posted on Nov, 19 2009 @ 01:27 PM
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reply to post by proteus33
 


And your evidence is.......?



posted on Nov, 19 2009 @ 01:30 PM
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It's called directional drilling. There is no reason to hide it because unless you work on the rig there is no way of knowing that they have the pipe going in a different direction. It isn't like the rig sits at an angle. They use this technique to drill under property that they do not have the rights to drill from the surface. Directional drilling is a very comon practice.



posted on Nov, 19 2009 @ 01:38 PM
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Originally posted by desert
Hiding oil rigs has more to do with the rigs being an eyesore. LA built up a metropolis around unsightly rigs, so today it does not look like Taft, CA, for example, a relatively unpopulated area.

The LaBrea Tarpits are downtown, and the hidden oil rig next to Beverly Hills High (as in "90210") was in the news in 2003 as a case in court about cancer cases among BHHS grads.



Heard about this years ago.

It was a very good production well but they couldn't stand the idea that a nasty old oil rig would be visible in LA for six weeks or so and they did this childish garbage. Everybody who could have seen the rig was driving cars or flying in planes powered by jet fuel but somehow the idea of drilling is just too offensive in Los Angeles to show the public.

It's no less naive and hypocritical than meat eaters picking up clear wrapped cuts of meat in a store but being sensitive about killing animals for food.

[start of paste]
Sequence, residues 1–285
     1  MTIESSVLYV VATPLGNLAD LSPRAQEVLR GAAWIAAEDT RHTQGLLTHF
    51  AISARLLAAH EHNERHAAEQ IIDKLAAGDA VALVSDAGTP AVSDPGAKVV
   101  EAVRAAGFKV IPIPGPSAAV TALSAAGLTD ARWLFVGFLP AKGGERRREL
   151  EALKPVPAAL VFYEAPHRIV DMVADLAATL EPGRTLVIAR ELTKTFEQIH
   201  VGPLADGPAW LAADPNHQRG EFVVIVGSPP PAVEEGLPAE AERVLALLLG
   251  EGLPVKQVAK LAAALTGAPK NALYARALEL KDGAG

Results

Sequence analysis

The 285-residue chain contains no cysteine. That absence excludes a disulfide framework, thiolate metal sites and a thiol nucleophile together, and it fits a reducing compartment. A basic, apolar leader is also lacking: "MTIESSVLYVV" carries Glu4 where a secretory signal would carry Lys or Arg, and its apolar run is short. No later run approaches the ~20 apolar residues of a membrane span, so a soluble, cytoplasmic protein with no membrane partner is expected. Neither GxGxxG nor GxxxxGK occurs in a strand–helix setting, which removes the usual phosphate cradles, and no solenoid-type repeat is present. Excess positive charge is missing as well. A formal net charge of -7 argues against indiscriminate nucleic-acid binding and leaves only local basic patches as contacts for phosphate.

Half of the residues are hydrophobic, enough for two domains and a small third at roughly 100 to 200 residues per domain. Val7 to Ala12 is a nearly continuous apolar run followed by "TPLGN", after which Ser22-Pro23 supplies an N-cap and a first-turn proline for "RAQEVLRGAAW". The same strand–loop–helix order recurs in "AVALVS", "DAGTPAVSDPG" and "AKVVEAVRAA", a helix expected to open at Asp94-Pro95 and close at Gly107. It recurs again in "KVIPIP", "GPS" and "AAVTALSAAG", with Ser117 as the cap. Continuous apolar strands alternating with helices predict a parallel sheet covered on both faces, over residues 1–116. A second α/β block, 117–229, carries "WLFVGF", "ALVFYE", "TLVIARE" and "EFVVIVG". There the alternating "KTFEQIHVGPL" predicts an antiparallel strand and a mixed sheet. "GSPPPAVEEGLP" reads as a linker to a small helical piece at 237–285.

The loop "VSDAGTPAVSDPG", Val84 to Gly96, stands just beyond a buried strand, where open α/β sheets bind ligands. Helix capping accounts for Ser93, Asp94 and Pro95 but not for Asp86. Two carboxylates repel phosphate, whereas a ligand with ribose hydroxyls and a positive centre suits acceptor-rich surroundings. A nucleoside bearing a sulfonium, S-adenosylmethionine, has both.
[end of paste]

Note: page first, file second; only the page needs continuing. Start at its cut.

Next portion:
Originally posted by proteus33
i think the main reason for hiding the rigs is so they can drill under other peoples property and steal the oil with out having to pay them for it.


No, nothing that sinister.

Oil is paid out in mineral rights and there are specific people, companies and groups that hold them.

I actually have mineral rights left to me by a Great Aunt on less than a 10th of an acre somewhere in central texas and they tracked me down and contracted me for it with a few hundred down and a residual rate of about 75 dollars a year. I've never even seen it and somebody else owns the land.

Most mineral rights are owned by the government and private corporations. The rest are owned by individuals. Most land sold now doesn't include mineral rights any more. The land and the mineral rights are two separate things.




As far as directional drilling goes, it is usually pretty well mapped out and there is more than one interest at stake. This keeps the proceedings legal (usually) they can go from point a to point b laterally to get to the deposit but it still is for legally accessed production.

Normally the directional work comes in when using one drill string to tap a hard to reach formation and to go around other formations. It also allows multiple bores from one location for a reduced surface impact.
High temp, Hpressure gas wells are sometimes drilled directionally for more control at the wellhead by running a long looping bore on a shallow formation. This allows a greater degree of control over the pressure of the return.

There are other uses but you get the drift.



[edit on 19-11-2009 by badgerprints]